Tuesday, April 6, 2010

Don’t have a niche? Don’t let that stop you.

One of the things that held me back in my early years of cooking was the feeling that I needed to have particular cooking niche.

So many cooks define themselves by the type of cooking they do: indulgent comfort foods, vegetarian, low-fat, semi-homemade, low-carb, gluten-free. In some cases, they have to narrow their focus due to allergies or some other health issue. Makes total sense for them.

However, I felt burdened by deciding on a focus and sticking with it no matter what. It wasn’t until I gave myself permission to prepare food in all types of ways that I really started to embrace the joy of cooking.

In 2002, I embarked on a lifestyle change that resulted in me losing over 100 pounds and keeping it off to this day. So, when I really started cooking for myself and then for my new husband, I concentrated on low-calorie and/or “clean” foods. I still cook in that manner, but I’ve expanded beyond it. I cook based on what I’ve got in the pantry, what I feel like eating, who I’m cooking for.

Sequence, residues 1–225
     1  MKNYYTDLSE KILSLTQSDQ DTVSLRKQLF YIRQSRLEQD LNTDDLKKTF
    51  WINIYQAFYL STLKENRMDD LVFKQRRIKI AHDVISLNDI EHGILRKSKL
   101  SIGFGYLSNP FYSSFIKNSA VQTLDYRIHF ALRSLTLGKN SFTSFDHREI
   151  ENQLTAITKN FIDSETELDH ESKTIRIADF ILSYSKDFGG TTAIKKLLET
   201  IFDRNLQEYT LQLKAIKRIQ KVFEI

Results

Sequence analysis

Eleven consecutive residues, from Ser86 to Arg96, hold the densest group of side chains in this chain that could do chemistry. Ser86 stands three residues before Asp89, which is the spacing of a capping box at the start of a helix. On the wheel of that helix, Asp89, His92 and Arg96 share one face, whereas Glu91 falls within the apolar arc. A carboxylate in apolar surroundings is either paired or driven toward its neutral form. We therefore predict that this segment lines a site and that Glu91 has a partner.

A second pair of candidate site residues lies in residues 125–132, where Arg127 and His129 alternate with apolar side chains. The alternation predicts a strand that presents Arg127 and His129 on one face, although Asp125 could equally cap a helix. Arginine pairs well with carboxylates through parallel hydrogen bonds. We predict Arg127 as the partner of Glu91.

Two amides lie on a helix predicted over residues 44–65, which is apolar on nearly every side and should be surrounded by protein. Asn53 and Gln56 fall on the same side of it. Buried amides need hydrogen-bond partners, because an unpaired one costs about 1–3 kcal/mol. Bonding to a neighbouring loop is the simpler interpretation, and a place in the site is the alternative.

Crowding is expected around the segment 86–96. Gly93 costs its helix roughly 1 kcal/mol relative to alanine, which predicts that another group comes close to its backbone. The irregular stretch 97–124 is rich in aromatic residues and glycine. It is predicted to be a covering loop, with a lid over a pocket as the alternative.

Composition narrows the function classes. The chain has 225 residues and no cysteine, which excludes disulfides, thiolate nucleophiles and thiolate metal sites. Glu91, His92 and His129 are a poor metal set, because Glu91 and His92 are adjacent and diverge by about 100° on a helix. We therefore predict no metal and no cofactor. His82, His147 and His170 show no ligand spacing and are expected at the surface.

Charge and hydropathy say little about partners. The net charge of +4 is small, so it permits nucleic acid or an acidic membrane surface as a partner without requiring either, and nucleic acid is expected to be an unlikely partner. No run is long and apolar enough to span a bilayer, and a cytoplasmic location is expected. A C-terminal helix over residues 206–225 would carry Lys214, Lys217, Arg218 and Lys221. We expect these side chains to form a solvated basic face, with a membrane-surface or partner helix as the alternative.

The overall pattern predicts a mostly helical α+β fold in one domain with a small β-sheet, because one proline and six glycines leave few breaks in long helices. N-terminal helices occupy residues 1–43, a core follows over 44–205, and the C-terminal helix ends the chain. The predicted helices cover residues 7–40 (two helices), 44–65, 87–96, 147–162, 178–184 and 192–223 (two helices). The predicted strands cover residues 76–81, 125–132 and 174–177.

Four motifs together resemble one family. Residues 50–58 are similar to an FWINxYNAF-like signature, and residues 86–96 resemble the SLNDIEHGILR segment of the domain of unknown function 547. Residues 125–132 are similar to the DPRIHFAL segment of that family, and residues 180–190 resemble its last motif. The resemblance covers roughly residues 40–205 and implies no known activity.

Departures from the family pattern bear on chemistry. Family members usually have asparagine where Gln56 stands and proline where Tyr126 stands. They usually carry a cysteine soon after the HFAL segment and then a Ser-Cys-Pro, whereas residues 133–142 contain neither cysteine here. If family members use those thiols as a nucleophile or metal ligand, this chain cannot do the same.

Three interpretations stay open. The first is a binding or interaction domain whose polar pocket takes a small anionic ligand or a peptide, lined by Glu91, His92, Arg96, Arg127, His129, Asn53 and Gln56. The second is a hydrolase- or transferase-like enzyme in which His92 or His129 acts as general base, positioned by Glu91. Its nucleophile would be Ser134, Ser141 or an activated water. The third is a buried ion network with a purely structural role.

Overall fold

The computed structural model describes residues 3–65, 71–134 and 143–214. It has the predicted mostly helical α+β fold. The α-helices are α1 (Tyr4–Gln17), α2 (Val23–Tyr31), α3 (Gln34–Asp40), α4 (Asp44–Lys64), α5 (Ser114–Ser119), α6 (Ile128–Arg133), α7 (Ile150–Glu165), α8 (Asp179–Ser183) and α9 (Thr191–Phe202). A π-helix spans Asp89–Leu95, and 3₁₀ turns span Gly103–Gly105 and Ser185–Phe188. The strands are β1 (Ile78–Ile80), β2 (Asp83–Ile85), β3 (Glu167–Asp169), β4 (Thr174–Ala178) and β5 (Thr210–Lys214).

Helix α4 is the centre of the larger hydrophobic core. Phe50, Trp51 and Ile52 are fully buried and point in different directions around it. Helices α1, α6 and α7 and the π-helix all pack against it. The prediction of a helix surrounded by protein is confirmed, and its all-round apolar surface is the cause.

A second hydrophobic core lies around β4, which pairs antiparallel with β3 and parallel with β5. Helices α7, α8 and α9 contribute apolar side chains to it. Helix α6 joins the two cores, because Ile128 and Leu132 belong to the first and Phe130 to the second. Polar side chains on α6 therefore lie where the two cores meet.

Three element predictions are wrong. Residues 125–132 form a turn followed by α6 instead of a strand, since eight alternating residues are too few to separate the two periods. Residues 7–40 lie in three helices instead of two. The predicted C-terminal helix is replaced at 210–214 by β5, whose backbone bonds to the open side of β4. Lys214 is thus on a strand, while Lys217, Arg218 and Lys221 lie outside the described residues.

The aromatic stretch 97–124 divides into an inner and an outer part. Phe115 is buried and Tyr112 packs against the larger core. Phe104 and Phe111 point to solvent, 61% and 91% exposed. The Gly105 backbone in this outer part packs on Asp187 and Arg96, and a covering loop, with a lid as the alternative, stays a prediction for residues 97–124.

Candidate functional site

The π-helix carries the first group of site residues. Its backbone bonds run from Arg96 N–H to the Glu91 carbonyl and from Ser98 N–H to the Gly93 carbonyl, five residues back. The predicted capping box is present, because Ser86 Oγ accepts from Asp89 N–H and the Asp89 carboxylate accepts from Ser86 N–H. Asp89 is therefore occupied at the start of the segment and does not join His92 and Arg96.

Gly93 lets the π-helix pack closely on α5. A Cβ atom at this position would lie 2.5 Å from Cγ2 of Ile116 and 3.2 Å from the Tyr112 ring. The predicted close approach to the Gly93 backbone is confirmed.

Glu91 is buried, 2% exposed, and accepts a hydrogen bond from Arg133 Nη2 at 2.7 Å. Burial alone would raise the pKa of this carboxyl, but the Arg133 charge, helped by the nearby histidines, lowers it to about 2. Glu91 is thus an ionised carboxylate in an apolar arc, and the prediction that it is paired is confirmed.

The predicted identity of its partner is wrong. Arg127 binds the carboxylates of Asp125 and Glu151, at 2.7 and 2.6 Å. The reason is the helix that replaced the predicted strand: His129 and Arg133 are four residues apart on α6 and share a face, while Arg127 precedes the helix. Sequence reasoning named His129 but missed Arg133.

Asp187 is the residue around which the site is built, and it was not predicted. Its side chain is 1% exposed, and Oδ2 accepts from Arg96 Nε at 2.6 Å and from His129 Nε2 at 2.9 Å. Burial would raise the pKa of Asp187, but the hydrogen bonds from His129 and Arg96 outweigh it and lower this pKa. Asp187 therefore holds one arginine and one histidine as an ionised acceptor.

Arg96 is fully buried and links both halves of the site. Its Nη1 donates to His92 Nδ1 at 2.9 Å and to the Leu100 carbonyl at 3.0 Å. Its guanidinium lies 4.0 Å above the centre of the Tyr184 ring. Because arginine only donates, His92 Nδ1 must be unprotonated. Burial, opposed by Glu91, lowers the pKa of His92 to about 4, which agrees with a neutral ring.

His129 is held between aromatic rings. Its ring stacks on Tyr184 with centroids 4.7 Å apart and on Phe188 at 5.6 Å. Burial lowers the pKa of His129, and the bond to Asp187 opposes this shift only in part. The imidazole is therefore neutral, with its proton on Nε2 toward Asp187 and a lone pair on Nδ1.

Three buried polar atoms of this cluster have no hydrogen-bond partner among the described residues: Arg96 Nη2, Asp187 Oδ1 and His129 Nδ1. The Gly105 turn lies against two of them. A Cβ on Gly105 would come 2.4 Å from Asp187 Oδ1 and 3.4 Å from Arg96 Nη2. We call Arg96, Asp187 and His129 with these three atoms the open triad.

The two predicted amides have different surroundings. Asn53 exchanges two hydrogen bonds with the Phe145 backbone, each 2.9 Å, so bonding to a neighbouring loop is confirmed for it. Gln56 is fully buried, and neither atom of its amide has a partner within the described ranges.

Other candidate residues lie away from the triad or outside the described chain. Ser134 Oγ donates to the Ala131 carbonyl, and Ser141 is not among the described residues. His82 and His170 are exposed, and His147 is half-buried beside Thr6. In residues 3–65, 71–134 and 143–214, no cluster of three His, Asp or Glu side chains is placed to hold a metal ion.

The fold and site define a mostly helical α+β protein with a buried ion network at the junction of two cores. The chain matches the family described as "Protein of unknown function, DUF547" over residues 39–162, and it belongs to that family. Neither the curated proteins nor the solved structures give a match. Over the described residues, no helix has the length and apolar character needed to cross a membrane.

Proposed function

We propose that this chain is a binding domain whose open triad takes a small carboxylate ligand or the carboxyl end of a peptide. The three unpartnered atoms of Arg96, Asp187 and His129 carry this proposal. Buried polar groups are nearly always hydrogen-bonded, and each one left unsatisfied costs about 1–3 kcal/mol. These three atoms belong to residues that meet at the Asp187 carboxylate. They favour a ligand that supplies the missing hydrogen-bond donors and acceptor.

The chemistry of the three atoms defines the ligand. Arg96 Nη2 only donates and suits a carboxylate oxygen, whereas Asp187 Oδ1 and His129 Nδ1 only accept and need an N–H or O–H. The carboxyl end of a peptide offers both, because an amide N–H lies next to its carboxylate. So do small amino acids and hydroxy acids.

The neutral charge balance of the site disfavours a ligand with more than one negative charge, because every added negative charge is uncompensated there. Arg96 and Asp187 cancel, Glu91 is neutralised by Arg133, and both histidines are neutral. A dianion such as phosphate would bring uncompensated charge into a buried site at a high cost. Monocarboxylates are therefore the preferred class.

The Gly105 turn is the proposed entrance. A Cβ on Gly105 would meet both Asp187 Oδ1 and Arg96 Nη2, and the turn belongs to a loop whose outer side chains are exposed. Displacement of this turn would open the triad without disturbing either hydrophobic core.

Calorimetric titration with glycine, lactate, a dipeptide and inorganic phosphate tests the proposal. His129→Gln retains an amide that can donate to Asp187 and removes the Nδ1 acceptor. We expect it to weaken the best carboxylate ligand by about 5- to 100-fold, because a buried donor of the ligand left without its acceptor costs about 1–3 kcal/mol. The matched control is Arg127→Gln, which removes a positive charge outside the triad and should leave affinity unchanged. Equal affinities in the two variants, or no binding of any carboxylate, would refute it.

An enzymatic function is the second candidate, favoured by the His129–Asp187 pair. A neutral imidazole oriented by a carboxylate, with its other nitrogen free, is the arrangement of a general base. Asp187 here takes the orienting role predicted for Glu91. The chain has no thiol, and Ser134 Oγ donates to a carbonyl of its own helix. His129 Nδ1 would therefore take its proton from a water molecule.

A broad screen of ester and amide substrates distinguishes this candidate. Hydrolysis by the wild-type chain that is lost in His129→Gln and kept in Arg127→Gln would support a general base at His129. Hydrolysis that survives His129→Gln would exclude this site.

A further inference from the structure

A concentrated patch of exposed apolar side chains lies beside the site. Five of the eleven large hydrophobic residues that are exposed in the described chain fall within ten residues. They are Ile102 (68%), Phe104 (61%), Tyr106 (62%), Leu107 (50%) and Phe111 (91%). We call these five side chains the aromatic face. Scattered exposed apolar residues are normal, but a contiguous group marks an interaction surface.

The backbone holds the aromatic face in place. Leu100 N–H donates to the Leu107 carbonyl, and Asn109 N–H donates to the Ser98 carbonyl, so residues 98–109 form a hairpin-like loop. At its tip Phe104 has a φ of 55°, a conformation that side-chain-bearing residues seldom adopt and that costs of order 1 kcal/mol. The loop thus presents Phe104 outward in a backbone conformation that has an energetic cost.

My husband, for instance, abhors most vegetables. Unless they are starchy peas, carrots or corn, he’s not gonna eat ‘em. My French Green Soup will elicit a “blech” and a grimace if I try to serve it to him. He also doesn’t eat chicken, and he doesn’t like most seafood unless it’s fried. That means, I make more standard, “man friendly” fare for him. When I eat those dishes, though, I take a small portion and fill out my plate with lots of veggies.

I’ve also figured out what substitutions will work for him. I can slip pureed veggies into some of his meals, but I can’t serve him a side of steamed broccoli and cauliflower. I can make him a much healthier pepperoni pizza (with light Flat Out flatbread, low-cal sauce, reduced-fat cheese and turkey pepp), but he’s not going to go for pan-fried tofu in place of steak.

When we have visitors or go to parties or celebrate holidays, I like to make indulgent foods like Blondie Truffles or Taquito Casserole, with no substitutions. To maintain my weight and health, I try not to have these items in the house regularly – or in quantity - because I will just scarf ‘em down and regret it later.

My point is that you don’t need to cook in only one way – unless, of course, you want to. Feel free to experiment with all different kinds of cooking and learn what works for you… and when… and for whom. Doing that took a lot of the pressure for me and made being a Late Blooming Chef a lot more fun.


  1. I totally agree, It really is about who, what and where you're cooking for. I could never focus just in one area. Good luck in your cooking adventure!